"We are going to Box Hill to-morrow;—you will join us. It is not Swisserland, but it will be something for A YOUNG MAN SO MUCH IN WANT OF A CHANGE. You will stay, and go with us?"
"No—It will not be worth while. IF I COME, I SHALL BE CROSS."
"Then PRAY stay at Richmond."
"But if I do, I shall be CROSSER STILL. I CAN NEVER BEAR to think of you all there WITHOUT ME."
"These are difficulties which you must settle for yourself. Chuse your own degree of CROSSNESS. I shall press you no more."

At Box Hill the next day, they continue this conversation as if it never ended, first looking back:

…"How much I am obliged to you," said he, "for telling me TO COME TO-DAY!—If it had not been for you, I should certainly have lost all the happiness of this party. I had quite determined to go away again."
"Yes, you were VERY CROSS; and I do not know what about, except that you were too late for the best strawberries. I was a kinder friend than you deserved. But you were humble. You begged hard to be COMMANDED TO COME."
"Don't say I was CROSS. I was fatigued. The heat overcame me."

The punning has only just begun on the Mosaic “commandments” of God (Emma) and also Jesus (Frank) passing on to the gathering on the mount known as Box Hill the new Christian version of those commandments we call The Sermon on the Mount:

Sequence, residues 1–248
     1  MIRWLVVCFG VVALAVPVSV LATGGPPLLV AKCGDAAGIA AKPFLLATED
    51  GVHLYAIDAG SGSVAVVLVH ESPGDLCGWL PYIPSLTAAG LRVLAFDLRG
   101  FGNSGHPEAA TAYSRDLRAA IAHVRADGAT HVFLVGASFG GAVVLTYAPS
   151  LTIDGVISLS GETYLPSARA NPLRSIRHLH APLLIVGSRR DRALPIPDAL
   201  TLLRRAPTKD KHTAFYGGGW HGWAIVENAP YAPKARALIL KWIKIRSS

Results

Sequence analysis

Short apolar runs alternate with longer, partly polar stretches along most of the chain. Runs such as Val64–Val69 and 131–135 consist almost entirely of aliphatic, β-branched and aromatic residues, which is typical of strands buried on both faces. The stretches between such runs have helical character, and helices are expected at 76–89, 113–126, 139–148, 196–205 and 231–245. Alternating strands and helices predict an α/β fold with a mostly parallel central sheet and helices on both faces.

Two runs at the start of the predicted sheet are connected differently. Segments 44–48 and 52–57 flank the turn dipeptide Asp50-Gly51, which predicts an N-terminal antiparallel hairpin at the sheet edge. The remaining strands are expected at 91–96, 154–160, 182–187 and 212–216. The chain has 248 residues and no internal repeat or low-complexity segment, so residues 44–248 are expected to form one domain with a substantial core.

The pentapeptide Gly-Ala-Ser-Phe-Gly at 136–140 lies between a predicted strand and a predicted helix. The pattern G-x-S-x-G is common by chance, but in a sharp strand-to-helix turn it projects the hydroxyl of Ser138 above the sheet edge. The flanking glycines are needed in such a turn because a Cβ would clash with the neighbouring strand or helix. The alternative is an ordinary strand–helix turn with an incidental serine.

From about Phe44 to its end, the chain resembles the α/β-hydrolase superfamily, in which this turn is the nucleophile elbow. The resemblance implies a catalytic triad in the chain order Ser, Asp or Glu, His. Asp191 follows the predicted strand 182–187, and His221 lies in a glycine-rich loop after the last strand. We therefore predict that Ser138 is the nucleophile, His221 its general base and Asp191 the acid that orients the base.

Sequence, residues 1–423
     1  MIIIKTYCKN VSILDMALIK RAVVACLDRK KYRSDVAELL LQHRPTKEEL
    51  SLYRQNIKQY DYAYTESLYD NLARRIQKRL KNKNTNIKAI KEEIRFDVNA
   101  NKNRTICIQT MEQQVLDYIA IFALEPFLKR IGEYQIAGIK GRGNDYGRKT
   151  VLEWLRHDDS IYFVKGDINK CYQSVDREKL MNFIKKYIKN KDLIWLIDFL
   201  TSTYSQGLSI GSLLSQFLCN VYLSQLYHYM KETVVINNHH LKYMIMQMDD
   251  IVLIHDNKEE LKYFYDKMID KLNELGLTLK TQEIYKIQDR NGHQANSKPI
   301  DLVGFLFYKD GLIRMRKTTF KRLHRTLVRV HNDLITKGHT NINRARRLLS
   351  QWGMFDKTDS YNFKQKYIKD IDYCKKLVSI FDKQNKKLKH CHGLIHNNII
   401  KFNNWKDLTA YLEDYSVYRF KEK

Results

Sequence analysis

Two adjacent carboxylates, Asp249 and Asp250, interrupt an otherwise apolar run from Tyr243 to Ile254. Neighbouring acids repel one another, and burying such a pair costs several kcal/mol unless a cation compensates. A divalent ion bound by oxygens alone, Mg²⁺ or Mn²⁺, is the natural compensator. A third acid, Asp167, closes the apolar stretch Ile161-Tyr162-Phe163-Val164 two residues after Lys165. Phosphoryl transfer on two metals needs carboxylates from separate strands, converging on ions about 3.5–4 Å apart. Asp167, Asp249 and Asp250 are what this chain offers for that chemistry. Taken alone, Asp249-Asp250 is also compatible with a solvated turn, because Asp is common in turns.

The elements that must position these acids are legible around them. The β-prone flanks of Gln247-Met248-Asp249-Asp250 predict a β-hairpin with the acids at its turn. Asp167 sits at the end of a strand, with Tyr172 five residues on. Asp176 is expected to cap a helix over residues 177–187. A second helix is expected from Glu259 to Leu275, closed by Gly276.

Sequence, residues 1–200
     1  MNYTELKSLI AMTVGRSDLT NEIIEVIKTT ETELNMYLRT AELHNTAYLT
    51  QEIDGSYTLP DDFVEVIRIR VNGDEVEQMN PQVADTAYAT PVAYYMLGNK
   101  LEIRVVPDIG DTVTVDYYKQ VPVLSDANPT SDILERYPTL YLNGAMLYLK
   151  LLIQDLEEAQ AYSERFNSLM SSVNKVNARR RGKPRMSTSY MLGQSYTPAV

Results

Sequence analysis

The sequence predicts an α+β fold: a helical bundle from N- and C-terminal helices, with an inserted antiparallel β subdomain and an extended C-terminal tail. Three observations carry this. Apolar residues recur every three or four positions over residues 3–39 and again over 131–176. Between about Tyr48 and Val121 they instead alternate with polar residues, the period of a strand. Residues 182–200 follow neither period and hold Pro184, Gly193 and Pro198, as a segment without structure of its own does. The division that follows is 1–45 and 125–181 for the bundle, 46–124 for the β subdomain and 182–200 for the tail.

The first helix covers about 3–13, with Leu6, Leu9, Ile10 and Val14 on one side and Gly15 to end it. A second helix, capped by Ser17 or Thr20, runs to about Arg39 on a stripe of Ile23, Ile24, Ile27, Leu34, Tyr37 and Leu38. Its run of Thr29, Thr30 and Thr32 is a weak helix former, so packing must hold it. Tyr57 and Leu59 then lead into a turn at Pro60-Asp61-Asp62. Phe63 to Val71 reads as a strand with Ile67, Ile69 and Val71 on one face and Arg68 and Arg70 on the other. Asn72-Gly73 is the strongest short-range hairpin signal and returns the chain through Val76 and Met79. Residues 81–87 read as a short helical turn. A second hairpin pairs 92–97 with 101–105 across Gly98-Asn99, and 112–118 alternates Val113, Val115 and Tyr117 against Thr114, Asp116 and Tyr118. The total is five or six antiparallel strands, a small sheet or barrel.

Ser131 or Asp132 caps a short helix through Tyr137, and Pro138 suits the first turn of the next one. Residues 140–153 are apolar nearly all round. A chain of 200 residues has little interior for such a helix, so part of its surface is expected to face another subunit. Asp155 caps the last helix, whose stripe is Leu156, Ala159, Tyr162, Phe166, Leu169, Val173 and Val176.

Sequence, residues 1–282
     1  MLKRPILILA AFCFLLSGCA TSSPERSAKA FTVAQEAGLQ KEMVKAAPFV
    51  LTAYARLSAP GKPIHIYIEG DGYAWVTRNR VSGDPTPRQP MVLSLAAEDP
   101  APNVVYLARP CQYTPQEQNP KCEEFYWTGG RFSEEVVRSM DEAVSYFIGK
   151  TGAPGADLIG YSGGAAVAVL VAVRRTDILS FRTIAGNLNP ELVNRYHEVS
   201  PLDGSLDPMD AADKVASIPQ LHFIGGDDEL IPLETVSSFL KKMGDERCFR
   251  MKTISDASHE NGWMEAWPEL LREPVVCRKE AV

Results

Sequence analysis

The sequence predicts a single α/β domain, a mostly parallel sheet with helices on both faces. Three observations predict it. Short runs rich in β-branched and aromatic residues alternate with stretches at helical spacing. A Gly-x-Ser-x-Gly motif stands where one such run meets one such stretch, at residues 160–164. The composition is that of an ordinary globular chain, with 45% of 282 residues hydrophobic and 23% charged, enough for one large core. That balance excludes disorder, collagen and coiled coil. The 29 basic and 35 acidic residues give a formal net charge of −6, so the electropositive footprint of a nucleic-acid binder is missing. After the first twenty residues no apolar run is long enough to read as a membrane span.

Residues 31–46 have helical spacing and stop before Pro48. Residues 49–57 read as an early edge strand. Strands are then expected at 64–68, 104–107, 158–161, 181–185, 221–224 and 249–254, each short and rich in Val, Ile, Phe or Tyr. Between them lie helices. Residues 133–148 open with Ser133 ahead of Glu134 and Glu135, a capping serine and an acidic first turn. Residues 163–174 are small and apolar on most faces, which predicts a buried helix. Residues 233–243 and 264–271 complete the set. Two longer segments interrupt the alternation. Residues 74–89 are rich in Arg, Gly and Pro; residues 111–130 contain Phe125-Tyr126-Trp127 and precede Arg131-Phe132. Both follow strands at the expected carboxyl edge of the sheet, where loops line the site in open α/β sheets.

"It is hotter to-day."
"Not to my feelings. I am perfectly comfortable to-day."
"You are comfortable because you are under COMMAND."
"Your COMMAND?—Yes."
"Perhaps I intended you to say so, but I meant self-COMMAND. You had, somehow or other, broken bounds yesterday, and run away from your own management; but to-day you are got back again—and as I cannot be always with you, it is best to believe your temper under your own COMMAND rather than mine."
"It comes to the same thing. I can have no self-COMMAND without a motive. YOU ORDER ME, WHETHER YOU SPEAK OR NOT. And YOU CAN BE ALWAYS WITH ME. YOU ARE ALWAYS WITH ME."

Apropos that last line of Frank’s, recall what the resurrected Jesus says in the final verses of the Gospel of Matthew:

16 Then the eleven disciples went away into Galilee, INTO A MOUNTAIN WHERE JESUS HAD APPOINTED THEM.
17 And when they saw him, they worshipped him: but some doubted.
18 And Jesus came and spake unto them, saying, All power is given unto me in heaven and in earth.
19 Go ye therefore, and teach all nations, baptizing them in the name of the Father, and of the Son, and of the Holy Ghost:
20 Teaching them to observe all things whatsoever I have commanded you: and, lo, I AM WITH YOU ALWAYS, even unto the end of the world. Amen.

But Jane Austen cannot resist one more virtuosic double Biblical flourish, as Emma inadvertently enters into Frank’s extravagant, sacrilegious Biblical metaphor, and then Frank starts orating:

"DATING FROM THREE O’CLOCK YESTERDAY. MY PERPETUAL INFLUENCE COULD NOT BEGIN EARLIER, or you would not have been so much out of humour before."
"Your gallantry is really unanswerable. But (lowering her voice)—nobody speaks except ourselves, and it is rather too much to be talking nonsense for the entertainment of seven silent people."